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Now seeking a cultural plan for Buffalo

On May 18, New York City Mayor Bill de Blasio signed legislation to launch the city’s first comprehensive cultural plan.

The two-year survey of New York City’s diverse cultural environment, according to the New York Times, will “analyze its current cultural priorities, assess how service to different neighborhoods can be improved, study the condition of arts organizations and artists, and plan how the city can remain artist-friendly in a time of high rents and other economic pressures.”

With that signature, New York City joined the growing ranks of American cities that have prioritized the arts as integral to their economic and educational well-being. Perhaps more importantly, those cities – Austin, Houston, Denver, Chicago and others – also have acknowledged a need to address uneven access to cultural activities among citizens.

But Buffalo, despite a recent dawning of cultural awareness among elected officials from the city and county along with several promising public arts programs, has not yet produced a long-term vision for culture’s role in the region’s resurgence.

But since Western New York is a much different place than New York City or Chicago, does it really need a long-term cultural plan that mirrors those of cities several times our size?

“It is definitely something that’s been identified as a need for our area,” said Tod Kniazuk, director of the Arts Services Initiative of Western New York. “It’s something that lots of folks in the field look at and think it’s a good idea.”

Indeed, ASI applied for a grant from the Western New York Regional Economic Development Council to put a cultural planning process in motion a few years ago but were not successful. Now, Kniazuk said, his organization is revisiting the idea of fostering a plan.

The cultural plans of the past few years have mostly emerged from government-funded departments whose employees – sometimes after a great deal of prodding – have acknowledged a lack of understanding about the cultural environment around them. Locally, where there is no dedicated government agency charged with overseeing and promoting the cultural vitality of the region, a cultural planning effort would need to look much different.

That puts the onus on groups like the Arts Services Initiative and the Great Buffalo Cultural Alliance, two groups that grew in part out of the Erie County cultural funding crisis of 2011, to launch and spearhead a planning process.

“It should come from the field. It needs to be reflective of the people who are going to be asked to live this and move it forward, and so I think that the answer is that the city of Buffalo and Erie County and New York State, our government partners, our funding partners, our business partners, absolutely have to be part of this,” Kniazuk said. “They have to be involved in some way, but I think it is stronger for it to come from the field and be owned by the field. It’s not simply, ‘How is the city going to invest in arts and culture?’ It’s, ‘How is the cultural sector going to work together, come together, plan together and move forward together?’ ”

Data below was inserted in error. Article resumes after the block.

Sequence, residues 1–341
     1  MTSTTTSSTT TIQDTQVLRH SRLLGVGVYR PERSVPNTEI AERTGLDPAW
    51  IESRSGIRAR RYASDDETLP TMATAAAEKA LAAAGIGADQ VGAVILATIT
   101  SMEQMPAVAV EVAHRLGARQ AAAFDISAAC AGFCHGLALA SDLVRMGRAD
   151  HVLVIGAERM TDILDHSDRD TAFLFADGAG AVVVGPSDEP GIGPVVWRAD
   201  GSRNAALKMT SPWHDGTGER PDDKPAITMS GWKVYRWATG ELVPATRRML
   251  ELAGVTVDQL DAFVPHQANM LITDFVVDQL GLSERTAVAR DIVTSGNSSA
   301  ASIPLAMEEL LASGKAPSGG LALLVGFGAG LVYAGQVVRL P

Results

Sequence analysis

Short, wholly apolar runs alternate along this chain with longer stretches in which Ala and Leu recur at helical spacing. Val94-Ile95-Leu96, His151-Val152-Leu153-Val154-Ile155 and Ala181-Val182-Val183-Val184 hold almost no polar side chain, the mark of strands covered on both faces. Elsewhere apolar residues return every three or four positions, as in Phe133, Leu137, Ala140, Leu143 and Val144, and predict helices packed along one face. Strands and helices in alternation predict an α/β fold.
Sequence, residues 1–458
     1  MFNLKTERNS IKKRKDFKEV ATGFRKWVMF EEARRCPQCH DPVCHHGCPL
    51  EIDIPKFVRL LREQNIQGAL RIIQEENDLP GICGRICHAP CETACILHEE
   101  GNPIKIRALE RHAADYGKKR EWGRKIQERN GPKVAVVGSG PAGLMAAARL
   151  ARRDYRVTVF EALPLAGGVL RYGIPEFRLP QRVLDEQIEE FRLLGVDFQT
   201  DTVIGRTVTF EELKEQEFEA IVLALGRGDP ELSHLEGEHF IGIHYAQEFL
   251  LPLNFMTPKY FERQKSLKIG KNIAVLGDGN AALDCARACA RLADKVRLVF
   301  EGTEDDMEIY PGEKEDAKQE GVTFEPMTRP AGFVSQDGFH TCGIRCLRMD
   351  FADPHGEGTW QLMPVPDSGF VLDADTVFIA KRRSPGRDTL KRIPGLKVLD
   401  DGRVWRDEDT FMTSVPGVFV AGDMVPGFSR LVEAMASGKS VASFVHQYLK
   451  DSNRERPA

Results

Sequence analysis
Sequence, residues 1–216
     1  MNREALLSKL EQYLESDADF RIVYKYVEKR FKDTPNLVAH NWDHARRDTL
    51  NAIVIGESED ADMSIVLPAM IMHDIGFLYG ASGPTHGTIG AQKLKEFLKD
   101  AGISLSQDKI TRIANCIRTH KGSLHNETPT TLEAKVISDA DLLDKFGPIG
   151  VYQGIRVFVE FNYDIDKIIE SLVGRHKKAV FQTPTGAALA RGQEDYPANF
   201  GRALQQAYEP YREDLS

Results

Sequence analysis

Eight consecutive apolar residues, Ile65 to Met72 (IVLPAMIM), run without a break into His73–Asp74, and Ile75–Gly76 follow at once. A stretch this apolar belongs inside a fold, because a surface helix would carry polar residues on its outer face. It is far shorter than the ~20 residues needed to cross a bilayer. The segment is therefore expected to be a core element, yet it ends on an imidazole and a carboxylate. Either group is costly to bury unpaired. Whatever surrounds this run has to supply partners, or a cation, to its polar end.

We can complain, and should, that neither Erie County nor Buffalo has a dedicated cultural office beyond the severely limited mandate of the Buffalo Arts Commission. But like the period of uncertainty and fear that created such productive solidarity among local arts groups in 2011, the absence of a public entity like Denver’s Arts and Venues office or New York City’s Department of Cultural Affairs might actually be an opportunity.

“What happens when the next city leader comes in or county leader comes in? We see that priorities shift depending on who’s in charge. And that’s part of the risk if it’s a city-owned or county-owned plan,” Kniazuk said. “If it’s of the sector, some of the circumstances in which we work, some of the context in which we work may change, but at the end of the day we’re still us.”

In Buffalo, where so many piecemeal cultural projects of great vision are being launched – from the artistic laboratory that is Silo City to the ambitious Ferry Street Corridor Project– it would be useful to have a plan that links all those efforts together and points them, collectively, toward the public good.

A bona fide cultural plan “allows us to think very broadly about issues like equity and access and diversity,” Kniazuk said. “Arts and culture helped rebuild this region. We’re leaders in moving this region forward. Now we have to make sure we have a plan as to how we continue to move forward so that other things don’t pass us by.”